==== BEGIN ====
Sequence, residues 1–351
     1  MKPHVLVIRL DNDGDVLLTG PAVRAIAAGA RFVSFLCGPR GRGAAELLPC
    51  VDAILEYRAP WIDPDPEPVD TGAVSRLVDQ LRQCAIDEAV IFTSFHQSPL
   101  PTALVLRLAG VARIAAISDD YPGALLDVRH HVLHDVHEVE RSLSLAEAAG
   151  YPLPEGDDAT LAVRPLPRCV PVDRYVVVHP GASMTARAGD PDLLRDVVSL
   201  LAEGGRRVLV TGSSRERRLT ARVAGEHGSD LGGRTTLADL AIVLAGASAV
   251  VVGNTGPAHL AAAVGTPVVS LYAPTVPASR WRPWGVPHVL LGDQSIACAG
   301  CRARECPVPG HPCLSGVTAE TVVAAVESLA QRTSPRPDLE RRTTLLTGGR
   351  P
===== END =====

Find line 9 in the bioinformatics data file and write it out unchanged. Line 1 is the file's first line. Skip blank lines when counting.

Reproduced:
   351  P